"Ubi" is Latin for "where". It's also a board game produced by Horn Abbot Ltd. Imagine the guys who came up with Trivial Pursuit went to Vegas, did a shitload of drugs, and wound up in a Roman-themed casino. The end result is Ubi. Trust me, this is one game that will induce a mindfuck.

I will assume that the reader is versed in the rules of Trivial Pursuit, since the game is played somewhat like its predecessor. Each player has his own Rubi game piece. This is a square pyramid base. He rolls the Rubi Cubis (dice) to determine what world zone his question will be from. The four zones are AMR (which covers North & South America), EUR (which covers Europe & the British Isles), WAT (which covers Australia & Oceania, plus bodies of water the world over), and UNI (which can cover anything anywhere anytime). If the player rolls a triangle (instead of a hexagon) on the "Precision" Rubi Cubi die, this is akin to the spaces where a player in Trivial Pursuit can garner a pie piece. This results in Triangular Precision, which means that the player must give extra specificity in his answer; doing so, he garners a Facet for his Rubi, which he then places in his Rubi base. Once all four facets are won (forming an unfinished pyramid like on the back of a dollar bill), then the player needs one more question to win the game, after which he wins the coveted Rubi Ubi piece, which sits in the top of the Rubi and completes its pyramidal shape, which can then be displayed as a trophy.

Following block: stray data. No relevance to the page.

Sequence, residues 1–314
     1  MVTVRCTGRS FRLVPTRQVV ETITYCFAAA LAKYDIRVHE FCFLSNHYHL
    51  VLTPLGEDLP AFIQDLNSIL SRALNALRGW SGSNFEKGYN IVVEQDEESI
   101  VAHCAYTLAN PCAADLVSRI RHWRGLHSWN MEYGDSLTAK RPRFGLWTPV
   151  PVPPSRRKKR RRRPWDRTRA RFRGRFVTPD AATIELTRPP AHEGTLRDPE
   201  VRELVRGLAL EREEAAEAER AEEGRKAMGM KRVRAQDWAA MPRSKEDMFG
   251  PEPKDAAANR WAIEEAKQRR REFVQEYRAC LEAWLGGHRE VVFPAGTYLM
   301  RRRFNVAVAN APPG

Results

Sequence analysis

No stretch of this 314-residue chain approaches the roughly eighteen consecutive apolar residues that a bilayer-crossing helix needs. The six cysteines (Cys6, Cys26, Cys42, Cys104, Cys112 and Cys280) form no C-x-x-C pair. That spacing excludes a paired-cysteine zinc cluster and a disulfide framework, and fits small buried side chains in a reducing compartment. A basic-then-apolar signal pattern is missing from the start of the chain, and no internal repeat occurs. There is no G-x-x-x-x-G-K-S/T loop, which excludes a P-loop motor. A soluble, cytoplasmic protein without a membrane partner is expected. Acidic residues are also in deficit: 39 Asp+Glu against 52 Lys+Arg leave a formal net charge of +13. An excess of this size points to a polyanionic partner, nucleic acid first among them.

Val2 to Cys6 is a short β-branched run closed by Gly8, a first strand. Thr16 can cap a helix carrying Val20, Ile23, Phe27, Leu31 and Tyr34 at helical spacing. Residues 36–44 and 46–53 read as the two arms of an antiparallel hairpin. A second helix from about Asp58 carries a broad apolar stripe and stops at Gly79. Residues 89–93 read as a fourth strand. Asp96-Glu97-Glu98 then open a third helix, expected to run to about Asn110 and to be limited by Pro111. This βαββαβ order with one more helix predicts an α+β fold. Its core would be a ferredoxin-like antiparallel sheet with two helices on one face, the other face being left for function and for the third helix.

Now, if you thought that was weird, it gets better. The questions (which are more riddles than questions) are based on geography and history. The Rubi gamepieces do not actually move about the board, which is a giant unlabelled world map. This map is overscribed with numbered hexagons; to answer a question, one must find the place it refers to and give the hexagon number. If the player is going for Triangular Precision to win a Rubi Facet, he must overlay the Rubicon Reticle map reader device on the proper hexagon, which further divides it into six equal triangles, and give the corresponding sublocation.

The questions are even better. They're "written in a bizzarre Ubi language". This means that they all start with the word "Ubi", then give a riddle-like clue. For example, one question reads, "Ubi Vientiene vital?" The correct answer is "103: ("103-C" to gain a Rubi Facet), because on the map, Laos is found in Hexagon 103. Now, where it gets really fun is that not all questions pertain to real places or historical events. For example on the same card as the previous question, in another category, is the following: "Ubi Fountain of Youth foam?" The correct answer is not Florida, but "That's a red herring." (because, much to Ponce de Leon's chagrin, there never was an actual Fountain of Youth). Furthermore, some questions simply read "Beware the Ides of March!", "answered" by a message from Julius Cæsar that removes all of the player's Rubi Facets and makes him start from scratch.

Ubi was developed by Horn Abbot in 1986. I found my copy at a yard sale; no re-editions were ever produced, but you may be able to find one at a yard sale or on eBay. You can see a copy at http://www.boardgamegeek.com/viewitem.php3?gameid=1482

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